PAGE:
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STRAUSS R., Maud Cunitz, Peter Anders, Lorenz Fehenberger, Sinfonieorchester des Norddeutschen Rundfunks, Arthur Gruber


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  • Maud Cunitz - soprano
  • Peter Anders - tenor
  • Lorenz Fehenberger - tenor
  • Sinfonieorchester des Norddeutschen Rundfunks - orchestra
  • Arthur Gruber - conductor
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69.00 PLN

2 CD:

Nr kat.: GL100723
Label  : GALA Records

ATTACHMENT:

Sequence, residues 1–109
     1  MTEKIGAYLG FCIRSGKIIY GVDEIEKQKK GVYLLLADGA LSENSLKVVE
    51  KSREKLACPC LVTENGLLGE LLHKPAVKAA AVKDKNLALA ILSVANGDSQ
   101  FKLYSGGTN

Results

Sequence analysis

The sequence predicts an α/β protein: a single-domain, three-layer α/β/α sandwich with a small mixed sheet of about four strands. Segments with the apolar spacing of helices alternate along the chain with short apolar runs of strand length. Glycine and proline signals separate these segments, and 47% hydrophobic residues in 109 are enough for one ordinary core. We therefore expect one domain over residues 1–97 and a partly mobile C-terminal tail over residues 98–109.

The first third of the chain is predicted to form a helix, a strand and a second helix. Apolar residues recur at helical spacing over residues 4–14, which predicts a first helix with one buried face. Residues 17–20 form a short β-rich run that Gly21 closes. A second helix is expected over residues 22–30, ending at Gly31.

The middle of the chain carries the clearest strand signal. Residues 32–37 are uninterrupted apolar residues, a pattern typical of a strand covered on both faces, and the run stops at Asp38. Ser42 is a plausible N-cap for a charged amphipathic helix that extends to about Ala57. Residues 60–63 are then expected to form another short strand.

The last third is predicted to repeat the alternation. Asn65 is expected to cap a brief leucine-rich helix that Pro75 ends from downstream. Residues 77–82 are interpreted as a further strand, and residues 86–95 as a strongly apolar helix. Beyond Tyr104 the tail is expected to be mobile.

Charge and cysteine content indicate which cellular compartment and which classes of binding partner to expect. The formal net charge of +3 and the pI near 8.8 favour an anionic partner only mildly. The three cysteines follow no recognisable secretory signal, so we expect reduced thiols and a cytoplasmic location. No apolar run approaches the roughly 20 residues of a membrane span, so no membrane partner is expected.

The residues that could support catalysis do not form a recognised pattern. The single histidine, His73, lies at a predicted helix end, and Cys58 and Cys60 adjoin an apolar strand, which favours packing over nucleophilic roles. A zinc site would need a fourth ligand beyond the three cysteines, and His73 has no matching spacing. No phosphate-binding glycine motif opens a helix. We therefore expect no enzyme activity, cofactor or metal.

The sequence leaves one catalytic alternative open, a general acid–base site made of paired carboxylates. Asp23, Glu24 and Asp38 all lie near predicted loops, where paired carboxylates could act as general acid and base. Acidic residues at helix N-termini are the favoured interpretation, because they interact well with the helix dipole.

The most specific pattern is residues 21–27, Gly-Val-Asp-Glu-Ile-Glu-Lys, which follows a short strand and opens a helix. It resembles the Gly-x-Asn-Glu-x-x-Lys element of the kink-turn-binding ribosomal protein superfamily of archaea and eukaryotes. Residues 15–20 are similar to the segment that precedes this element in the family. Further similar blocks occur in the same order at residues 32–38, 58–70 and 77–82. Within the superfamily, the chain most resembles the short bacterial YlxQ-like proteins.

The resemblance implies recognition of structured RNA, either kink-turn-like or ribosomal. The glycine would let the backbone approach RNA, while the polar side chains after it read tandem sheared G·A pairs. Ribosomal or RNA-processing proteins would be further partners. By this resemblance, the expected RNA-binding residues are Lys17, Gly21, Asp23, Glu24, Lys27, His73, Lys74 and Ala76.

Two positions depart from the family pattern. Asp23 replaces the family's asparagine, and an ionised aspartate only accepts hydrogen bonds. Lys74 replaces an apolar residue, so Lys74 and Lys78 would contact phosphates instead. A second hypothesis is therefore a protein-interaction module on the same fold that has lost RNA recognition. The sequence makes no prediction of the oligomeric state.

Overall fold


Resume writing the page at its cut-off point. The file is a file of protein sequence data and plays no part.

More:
Performer: Maud Cunitz (Soprano), Lorenz Fehenberger (Tenor), Peter Anders (Tenor), Gustav Neidlinger (Bass Baritone), Josef Greindl (Bass) Conductor: Arthur Grüber Date of Recording: 1949 Review by: Robert Levine Artistic Quality: 7 Sound Quality: 4 Even if this performance of Daphne didn’t have much to recommend it, this inexpensive set would be worth acquiring for the selection of nine orchestrated and four piano-accompanied Strauss songs sung by Peter Anders. We’re accustomed to hearing most of them sung by women, but Anders’ gorgeous legato, his beautiful sweet singing, fine phrasing, and fearless top notes make us wonder if Strauss would have composed more for tenor had he known tenors could sing as soaringly as sopranos. The huge tonal bath of “Winterliebe” is followed by a long-breathed, thoughtful, gentle “Waldseligkeit”; “Ständchen” is simply ravishing. You only wish Anders had recorded the Four Last Songs. Taken from recordings made in Berlin in 1938, ’42, and ’43, the songs feature no less than Furtwängler conducting four of them. Daphne is a strange opera. Originally slated to be the second work on a double bill with Friedenstag, that pairing only took place a year after Friedenstag premiered alone, in 1938. Since then, it has only rarely been the second half of anything. It isn’t performed often–but when it is, it can stand by itself. Called a “bucolic tragedy”, the opera concerns the god Apollo’s love for the nature-loving Daphne and his jealousy of a shepherd, Leukippos, who also loves her (both men are tenors–a rarity anywhere but in Rossini, and unique in Strauss). Apollo kills Leukippos and turns Daphne into a laurel tree: The final transformation scene, ending in a wordless, melismatic passage, is one of the most stunning things Strauss ever penned. The opera has its uninspired moments, but the inspired ones–including Daphne’s opening and closing monologues, all of Apollo’s music, an exciting, dramatic trio–take up more than half of the work’s 110 minutes (at least as recorded here–Grüber’s very slow reading is 10 minutes longer than the other two available performances) and are as beautiful as anything Strauss composed at his lyrical best. This recording dates from 1949. As Daphne, a role that requires a voice like that of Sophie in Rosenkavalier, Maud Cunitz has all the notes and sings expressively. Her sound is not beautiful and the voice is slightly too heavy, but she’s very expressive. If the tempos for her solos were somewhat faster she might also sound a bit younger, which would help. Hilde Gueden, on DG under Karl Böhm, is almost perfect in the part–just a bit of acid in her tone makes her less than ideal. Anders is the Apollo and he copes with the endlessly high tessitura well and sings with godlike passion. (James King, in one of his finest recorded performances, is on the DG set.) Again, the lethargy in the conducting does some damage to Anders’ delivery of his final monologue, but he’s remarkable if not quite as fresh as he is in the songs, recorded years earlier. Lorenz Fehenberger sings Leukippos, a lyrical role, quite well, even successfully managing a phrase that cruelly begins on a high-C. He’s no match for Fritz Wunderlich under Böhm, though. Josef Greindl and Res Fischer are Peneios and Gaea, Daphne’s parents. Both roles are low-lying and have some nice if inconsequential music; both singers are impressive. The others in the cast and chorus and orchestra are far better than we have any reason to expect. The sound is tubby but absolutely clear. The only time when the slow tempos are preferable is during the Apollo/Daphne duet (with chorus in the background); it is Strauss’ most sensual tenor/soprano music, and here the soloists can bathe in it. As suggested, the DG/Böhm version of the opera is preferred (an okay EMI set with Lucia Popp also is overshadowed by Böhm), but there’s something very appealing about this production as well. And the 40 minutes of Anders singing Strauss is worth the low price of this two-CD set.